Lyndon Pike reviews the Australian Chamber Orchestra and the Will Gregory Moog Ensemble
May 14, Joan Sutherland theatre, Sydney Opera House
The month of May saw arpeggiators, auteurs, and the Australian Chamber Orchestra come together in glorious fashion under the guidance of Richard Tognetti, teaming up with UK musician Will Gregory’s Moog Ensemble for A Clockwork Orange and Beyond.
Equally a tribute to and a reimagining of moments in soundtrack composition, the synthesisers teamed with strings for a symphonic selection of iconic movie soundtrack creations originally written by Wendy Carlos, Vangelis, Johan Sebastian Bach, John Williams, Hans Zimmer, the BBC Radiophonic workshop and more.
For many people, the first introduction to Robert Moog’s iconic electronic keyboard, the Moog synthesiser, was likely to have been the million selling Popcorn by Hot Butter, a cover version of another Moog pioneer and early adapter, Gershon Kingsley. If it wasn’t Popcorn that heralded the popular exposure to the instrument, it was the 1968 album Switched-On Bach, composed entirely on Moog and released by Wendy Carlos, aka Walter Carlos, which sold over a million copies and influenced everybody from Glenn Gould to Georgio Moroder.
For this performance held in the Joan Sutherland Theatre at the Sydney Opera House, the four took centre stage with seven ACO performers on either side. Under Tognetti’s tutelage, the strings began proceedings with the strains of Franz Waxman’s Sinfonietta: I. Lento – Allegro. With a pulsing undertow, the audience were introduced to the washes of the synthesisers along with a sample of dialogue by Harrison Ford’s character Deckard, taken from the film Blade Runner. The Blade Runner main title, written by Vangelis, was a perfect immersion into the marriage of the analogue and the electronic. Bleeps and bass notes coloured by whale song like sustains, accompanied by strings and percussion, drew the crowd in.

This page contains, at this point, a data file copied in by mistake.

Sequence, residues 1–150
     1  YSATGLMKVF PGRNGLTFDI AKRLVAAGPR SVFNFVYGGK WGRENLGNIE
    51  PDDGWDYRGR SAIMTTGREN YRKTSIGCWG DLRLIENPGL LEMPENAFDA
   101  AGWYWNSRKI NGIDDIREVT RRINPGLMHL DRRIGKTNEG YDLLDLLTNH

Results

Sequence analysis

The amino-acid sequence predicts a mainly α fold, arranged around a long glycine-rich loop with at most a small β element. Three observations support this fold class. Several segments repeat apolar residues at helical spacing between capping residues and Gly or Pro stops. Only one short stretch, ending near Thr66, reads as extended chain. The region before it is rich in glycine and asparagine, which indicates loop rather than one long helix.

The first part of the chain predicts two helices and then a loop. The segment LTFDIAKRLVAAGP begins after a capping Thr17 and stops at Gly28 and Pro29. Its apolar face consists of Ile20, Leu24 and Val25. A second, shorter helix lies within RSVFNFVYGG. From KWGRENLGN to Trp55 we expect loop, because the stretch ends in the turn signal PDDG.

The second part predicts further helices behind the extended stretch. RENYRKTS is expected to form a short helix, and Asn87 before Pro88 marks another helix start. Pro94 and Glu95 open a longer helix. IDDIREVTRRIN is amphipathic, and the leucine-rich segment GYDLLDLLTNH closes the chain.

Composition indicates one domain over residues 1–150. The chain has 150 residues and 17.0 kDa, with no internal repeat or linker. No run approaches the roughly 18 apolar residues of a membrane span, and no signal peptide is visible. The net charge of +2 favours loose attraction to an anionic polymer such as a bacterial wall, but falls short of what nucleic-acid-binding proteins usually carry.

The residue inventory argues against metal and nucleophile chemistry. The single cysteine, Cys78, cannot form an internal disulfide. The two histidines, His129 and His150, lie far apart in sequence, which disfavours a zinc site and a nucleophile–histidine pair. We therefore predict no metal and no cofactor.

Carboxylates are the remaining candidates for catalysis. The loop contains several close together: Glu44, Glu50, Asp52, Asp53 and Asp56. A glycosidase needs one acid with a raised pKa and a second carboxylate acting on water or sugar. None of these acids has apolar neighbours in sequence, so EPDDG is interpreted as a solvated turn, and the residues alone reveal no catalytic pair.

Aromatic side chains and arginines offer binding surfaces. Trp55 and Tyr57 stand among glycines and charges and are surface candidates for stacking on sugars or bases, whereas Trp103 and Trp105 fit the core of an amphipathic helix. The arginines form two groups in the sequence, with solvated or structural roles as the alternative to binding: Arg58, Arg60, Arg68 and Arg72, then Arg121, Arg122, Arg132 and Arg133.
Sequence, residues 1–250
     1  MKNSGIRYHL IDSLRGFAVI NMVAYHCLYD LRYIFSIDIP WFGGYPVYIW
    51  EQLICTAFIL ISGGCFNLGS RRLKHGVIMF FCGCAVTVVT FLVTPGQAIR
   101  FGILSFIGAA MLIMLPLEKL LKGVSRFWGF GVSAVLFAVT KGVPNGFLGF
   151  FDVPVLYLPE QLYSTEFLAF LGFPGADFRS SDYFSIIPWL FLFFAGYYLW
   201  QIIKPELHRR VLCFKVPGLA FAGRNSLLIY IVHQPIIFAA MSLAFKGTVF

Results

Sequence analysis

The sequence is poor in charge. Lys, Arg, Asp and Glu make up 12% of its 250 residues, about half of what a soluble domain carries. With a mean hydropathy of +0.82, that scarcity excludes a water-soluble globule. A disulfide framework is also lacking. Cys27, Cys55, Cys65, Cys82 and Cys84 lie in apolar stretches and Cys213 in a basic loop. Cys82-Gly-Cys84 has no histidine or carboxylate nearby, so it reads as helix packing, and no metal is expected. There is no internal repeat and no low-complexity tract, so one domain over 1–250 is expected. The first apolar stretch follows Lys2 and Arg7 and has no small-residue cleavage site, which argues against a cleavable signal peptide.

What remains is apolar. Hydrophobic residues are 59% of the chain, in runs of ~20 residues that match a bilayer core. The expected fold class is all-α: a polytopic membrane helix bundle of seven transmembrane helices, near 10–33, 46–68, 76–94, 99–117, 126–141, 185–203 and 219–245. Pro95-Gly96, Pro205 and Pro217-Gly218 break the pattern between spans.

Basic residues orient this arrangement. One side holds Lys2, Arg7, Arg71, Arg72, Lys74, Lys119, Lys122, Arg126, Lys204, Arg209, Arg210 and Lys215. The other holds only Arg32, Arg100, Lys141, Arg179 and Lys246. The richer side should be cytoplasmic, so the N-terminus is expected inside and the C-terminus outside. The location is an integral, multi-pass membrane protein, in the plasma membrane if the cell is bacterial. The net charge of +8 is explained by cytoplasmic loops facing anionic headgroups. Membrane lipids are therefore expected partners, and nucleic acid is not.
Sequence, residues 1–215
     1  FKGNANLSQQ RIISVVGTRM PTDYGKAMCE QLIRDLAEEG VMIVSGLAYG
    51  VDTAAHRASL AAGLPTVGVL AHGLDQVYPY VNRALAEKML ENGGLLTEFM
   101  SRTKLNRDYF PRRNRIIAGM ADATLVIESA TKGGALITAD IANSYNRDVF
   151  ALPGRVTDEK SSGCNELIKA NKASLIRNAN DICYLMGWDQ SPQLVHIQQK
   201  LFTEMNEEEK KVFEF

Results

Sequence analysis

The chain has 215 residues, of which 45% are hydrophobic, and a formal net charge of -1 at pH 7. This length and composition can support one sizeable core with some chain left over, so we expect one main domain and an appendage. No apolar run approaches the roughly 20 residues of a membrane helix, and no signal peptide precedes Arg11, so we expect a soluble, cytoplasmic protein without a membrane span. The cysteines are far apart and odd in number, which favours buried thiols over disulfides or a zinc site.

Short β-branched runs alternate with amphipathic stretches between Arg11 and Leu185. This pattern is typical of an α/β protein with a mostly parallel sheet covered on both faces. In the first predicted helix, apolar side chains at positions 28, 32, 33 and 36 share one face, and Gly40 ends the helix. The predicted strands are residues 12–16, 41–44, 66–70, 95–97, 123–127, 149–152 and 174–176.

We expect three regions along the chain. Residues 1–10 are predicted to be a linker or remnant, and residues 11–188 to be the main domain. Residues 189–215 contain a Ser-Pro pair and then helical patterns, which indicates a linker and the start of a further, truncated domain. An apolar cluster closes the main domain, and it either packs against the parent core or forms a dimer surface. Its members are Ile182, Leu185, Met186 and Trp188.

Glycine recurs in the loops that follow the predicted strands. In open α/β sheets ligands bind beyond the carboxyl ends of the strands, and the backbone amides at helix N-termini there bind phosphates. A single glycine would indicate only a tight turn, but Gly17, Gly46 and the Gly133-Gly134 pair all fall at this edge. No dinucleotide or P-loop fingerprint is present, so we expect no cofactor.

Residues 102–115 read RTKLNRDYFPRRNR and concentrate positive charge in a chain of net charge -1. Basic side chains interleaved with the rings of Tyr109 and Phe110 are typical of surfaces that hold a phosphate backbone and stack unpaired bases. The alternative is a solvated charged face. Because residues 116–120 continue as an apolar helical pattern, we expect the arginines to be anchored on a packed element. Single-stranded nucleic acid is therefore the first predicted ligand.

By not having scenes from any of the films projected behind them, and with a minimal but effective V-shaped lighting structure being the key visual component, the audience’s attention was directed to the roles of the various musicians on the stage and the communication between them as the focal point of the performance.
Moog Ensemble member Hazel Mills, switching between the Sequential Prophet-6 and vocoder/synthesiser, played the main melodies, with Will Gregory and Simon Haram performing on wind synths, or wind controllers, which are usually played like a woodwind instrument. Like their other synthesiser counterparts, wind synths can sound like any other instrument and the Ensemble used them to great effect across pieces such as crowd favourites Chariots of Fire main titles, and Hanz Zimmer’s Cornfield Chase, as heard on the soundtrack to Interstellar.
The first half of the show presented the best known pieces, such as the iconic and still remarkably affecting Doctor Who theme, originally created (although uncredited at time of release) by Australian composer Ron Grainer, and coloured by pioneering electronic musician Delia Derbyshire,
of the BBC Radiophonic Workshop. Also heard in the first half were selections from Switched-On Bach (Brandenburg Concerto No.3 in G Major) and the aforementioned Chariots of Fire main titles.
The second half of the performance began with two pieces by John Williams written for the 1972 film Images. A further tribute to Wendy Carlos followed and then another Bach composition, taken from the Soviet sci-fi drama Solaris, set the stage for the show’s zenith – a realisation of selections from A Clockwork Orange.
For myself, and I imagine most of the audience, hearing iconic compositions such as Beethoven’s Ninth Symphony, Second Movement, and Rossini’s William Tell Overture presented with amplified intensity and new tonal and sonic elements, was a pure delight.
This event was indeed unique, and a testament to Richard Tognetti’s vision as Artistic Director of the ACO. The thunderous applause that greeted the players upon the finale was a well-deserved appreciation for a truly original and exhilarating evening of music.